It may be tempting for marketers to toss just about anything online in order to feed the content marketing machine, but representatives of leading brands and marketing consultants caution against that.
“Brands don’t need to be in every conversation,” said Wendy Clark, president of strategic marketing and sparkling brands at Coca-Cola North, according to an article published Monday on Fortune.com.
The article, “Why Viral Success Needs to Focus on Quality, Not Quantity,” was a synopsis of a panel discussion at Fortune’s Most Powerful Women conference in Washington, D.C. on Monday.
Similarly, Marsha Friedman, founder and CEO of EMSI Public Relations, stresses that marketers should use “well-written and regularly updated” content. She honed in on what is sometimes a pain point for marketers in an email sent on Monday to Target Marketing.
“A blog drives people to your website, helps you build your personal or company brand, and allows you to develop a relationship with customers or readers,” she says.
Here’s how Fortune, Friedman and HubSpot suggest content marketers focus on quality:
- Be Ready to Work in Real-time. According to Fortune.com: “Clark also said that the real-time nature of how people are responding on social networks like Facebook and Twitter means brands have to be part of the conversation as fast as possible. Coca-Cola was planning real-time content around the Emmy Awards and hit show ‘Mad Men,’ which featured an iconic 1971 Coke ad in its finale. When Emmys host Andy Samberg recreated and aired his version of the ad during the ceremony, Clark said Coke responded on the fly on social channels.”
- Focus on Quality, Not Quantity. Wenda Harris Millard, president and COO of strategic advisory firm MediaLink says, according to Fortune.com, that marketers using misguided content marketing techniques are constantly interrupting the conversation. Don’t just mass publish on social sites, she urges.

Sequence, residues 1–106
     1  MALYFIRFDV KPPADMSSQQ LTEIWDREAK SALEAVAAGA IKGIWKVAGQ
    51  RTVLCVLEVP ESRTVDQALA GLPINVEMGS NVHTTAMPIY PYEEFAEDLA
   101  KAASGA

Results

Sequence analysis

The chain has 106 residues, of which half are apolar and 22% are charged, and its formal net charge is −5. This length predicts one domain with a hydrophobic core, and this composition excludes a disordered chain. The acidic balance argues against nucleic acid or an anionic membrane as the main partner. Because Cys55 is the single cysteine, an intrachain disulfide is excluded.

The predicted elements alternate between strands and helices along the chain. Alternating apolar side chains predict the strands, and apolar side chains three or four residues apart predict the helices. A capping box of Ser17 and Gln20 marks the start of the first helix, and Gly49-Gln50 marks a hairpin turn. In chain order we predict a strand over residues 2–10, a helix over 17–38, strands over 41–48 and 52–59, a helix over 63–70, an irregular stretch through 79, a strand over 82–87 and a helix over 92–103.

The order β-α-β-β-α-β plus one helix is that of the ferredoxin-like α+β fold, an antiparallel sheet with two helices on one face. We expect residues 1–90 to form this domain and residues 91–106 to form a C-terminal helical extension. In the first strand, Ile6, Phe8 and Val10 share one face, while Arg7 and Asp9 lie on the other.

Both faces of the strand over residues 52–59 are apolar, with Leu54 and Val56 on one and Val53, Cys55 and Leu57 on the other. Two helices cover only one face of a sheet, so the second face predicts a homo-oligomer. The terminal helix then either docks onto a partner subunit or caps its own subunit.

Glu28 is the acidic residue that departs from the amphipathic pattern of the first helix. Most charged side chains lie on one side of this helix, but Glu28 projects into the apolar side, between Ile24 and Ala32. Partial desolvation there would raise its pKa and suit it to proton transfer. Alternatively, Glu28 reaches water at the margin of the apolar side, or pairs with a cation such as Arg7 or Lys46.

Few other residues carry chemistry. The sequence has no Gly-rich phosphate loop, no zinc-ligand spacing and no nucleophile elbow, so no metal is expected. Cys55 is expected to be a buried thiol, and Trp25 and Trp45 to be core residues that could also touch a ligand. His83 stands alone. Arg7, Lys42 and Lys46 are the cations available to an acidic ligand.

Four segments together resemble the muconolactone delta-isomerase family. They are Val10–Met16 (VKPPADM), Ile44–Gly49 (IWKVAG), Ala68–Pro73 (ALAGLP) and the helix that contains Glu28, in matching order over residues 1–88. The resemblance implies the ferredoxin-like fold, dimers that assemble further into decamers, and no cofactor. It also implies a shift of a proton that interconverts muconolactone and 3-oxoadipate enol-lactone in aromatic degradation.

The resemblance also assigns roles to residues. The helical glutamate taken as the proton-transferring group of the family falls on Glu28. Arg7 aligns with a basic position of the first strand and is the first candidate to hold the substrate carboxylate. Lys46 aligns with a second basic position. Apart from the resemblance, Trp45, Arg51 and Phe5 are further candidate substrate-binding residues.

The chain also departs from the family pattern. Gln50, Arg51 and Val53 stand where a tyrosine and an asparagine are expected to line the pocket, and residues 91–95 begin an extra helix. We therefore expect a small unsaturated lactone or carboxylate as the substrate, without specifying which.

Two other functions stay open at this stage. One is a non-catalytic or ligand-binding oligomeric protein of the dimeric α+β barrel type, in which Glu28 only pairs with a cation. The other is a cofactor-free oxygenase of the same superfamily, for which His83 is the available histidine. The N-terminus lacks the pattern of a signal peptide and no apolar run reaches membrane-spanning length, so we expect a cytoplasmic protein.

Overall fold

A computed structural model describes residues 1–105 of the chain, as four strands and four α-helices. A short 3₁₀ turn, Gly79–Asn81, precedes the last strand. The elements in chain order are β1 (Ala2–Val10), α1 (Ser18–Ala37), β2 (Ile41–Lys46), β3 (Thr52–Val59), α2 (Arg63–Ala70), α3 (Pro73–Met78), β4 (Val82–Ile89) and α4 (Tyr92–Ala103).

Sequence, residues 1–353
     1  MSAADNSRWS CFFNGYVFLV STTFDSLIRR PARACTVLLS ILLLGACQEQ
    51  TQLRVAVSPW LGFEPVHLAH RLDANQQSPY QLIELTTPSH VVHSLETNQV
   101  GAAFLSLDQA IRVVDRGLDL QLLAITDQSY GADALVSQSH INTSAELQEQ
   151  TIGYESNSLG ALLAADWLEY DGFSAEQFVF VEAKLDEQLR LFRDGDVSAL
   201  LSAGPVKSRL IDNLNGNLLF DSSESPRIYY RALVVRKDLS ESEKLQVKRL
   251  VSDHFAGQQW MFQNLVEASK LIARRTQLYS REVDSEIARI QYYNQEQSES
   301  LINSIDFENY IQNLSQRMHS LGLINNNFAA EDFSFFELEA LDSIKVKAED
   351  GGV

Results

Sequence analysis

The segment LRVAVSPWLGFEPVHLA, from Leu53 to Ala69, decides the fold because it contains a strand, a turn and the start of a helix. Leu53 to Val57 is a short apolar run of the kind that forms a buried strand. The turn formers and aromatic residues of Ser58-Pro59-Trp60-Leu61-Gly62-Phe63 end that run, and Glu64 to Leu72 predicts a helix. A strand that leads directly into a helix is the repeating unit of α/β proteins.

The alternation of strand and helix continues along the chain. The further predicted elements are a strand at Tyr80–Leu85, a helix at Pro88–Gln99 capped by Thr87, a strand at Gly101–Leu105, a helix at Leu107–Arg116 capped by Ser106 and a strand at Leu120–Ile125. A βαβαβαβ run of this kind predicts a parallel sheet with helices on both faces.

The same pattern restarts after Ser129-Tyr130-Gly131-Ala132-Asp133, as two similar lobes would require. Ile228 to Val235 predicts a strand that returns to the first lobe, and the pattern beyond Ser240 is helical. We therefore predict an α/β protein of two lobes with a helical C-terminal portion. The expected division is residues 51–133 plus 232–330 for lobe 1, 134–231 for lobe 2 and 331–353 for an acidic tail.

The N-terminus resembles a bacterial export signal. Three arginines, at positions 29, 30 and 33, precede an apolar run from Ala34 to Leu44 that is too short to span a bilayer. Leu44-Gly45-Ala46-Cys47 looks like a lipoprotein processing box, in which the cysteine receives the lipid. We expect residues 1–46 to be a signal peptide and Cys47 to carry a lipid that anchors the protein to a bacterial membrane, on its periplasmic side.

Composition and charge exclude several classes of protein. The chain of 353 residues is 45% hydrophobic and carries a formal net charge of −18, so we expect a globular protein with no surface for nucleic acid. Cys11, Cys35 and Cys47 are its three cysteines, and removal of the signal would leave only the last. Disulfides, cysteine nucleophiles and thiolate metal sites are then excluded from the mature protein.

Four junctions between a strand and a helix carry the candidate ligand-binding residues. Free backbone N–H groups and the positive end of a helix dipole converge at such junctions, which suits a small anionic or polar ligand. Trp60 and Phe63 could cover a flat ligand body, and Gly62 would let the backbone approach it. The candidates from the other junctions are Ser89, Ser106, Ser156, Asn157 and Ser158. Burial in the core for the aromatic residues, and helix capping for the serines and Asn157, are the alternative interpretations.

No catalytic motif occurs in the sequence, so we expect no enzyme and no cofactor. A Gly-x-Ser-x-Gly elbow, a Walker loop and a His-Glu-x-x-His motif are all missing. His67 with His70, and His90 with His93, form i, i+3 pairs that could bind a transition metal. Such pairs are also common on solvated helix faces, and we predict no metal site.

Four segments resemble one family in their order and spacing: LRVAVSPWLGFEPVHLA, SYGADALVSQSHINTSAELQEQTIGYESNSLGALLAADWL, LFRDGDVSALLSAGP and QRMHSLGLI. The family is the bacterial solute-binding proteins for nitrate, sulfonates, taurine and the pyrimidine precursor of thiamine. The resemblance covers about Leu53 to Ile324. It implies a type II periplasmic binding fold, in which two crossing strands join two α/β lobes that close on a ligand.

- National News. Friedman says these can be jumping-off points for ideas.
- Social Media Trends. Twitter and Facebook, for instance, display what’s trending on their sites right where users can see and click on the topics. Often, the topics are hashtagged, which makes a March 2015 blog post by HubSpot relevant.
“Used primarily on Instagram, Twitter, Facebook and Pinterest, Throwback Thursday posts can liven your marketing campaigns up and generate real results — that is, if you know how to use them right,” writes post author Laura Fitton.
Fitton cites this from Katie Knibbs of Digital Trends:
- Past: Posts need to be more than three years old, and ideally more than 20 years old
- Relevant/Relatable: Relevant to your business and your audience
- Appealing: Fun, funny, catchy, nostalgic or otherwise cool
- Interesting: Especially to people outside your company (besides your mom) [Editor’s note: Burn.]
- Shareable: Great #TBTs make others look cool for re-sharing
- Exciting: Choose subjects that create interest, discussion and even excitement
Fitton suggests marketers needing ideas use retro images, ‘90s references, “actual history,” sports highlights, trivia and games, and vintage products.
Also, marketers may consider sharing other social media users’ throwbacks. [Editor’s note: Make sure they’re brand-relevant or, at the very least, not hurting the brand.]
Marketers can also get their communities involved through, for instance, throwback pricing. They’ll need to measure their campaigns using metrics they determine themselves — such as leads, brand awareness, etc.
Ultimately, Fitton says, marketers can expand their repertoires beyond #TBT to: #ManicMonday, #MusicMonday, #ManCrushMonday, #TransformationTuesday, #HumpDay, #WellnessWednesday, #FanFriday, #FollowFriday, #Caturday, #SelfieSunday, #SundayFunday, #Picoftheday, #FlashbackFriday and #WayBackWednesday. [Editor’s note: As of the writing of this article, #WCW, or woman crush Wednesday, was prevalent on Twitter.]
- Plagiarize Yourself. Friedman says marketers can look back at their previous work for ideas. [Editor’s note: This is where marketers can use analytics to see which topics were the most popular, which may help with the creative process.]
- Jot Down Ideas as They Come. Keep a notepad next to the bed.
- Perform Searches. Web searches help marketers come up with background information that supports their writing, Friedman says. [Editor’s note: Google Trends can also come in handy and, as is true with No. 8, adding in more sources can add to content quality and trustworthiness. That can keep consumers coming back.]
- Statistics, Studies and Surveys. These resources reinforce points in the content and add to its quality. [Editor’s note: This may help aid brands in gaining and keeping consumer trust.]
- Use Keywords. Make it searchable.
Do marketers agree with these tips?
Please respond in the comments section below.
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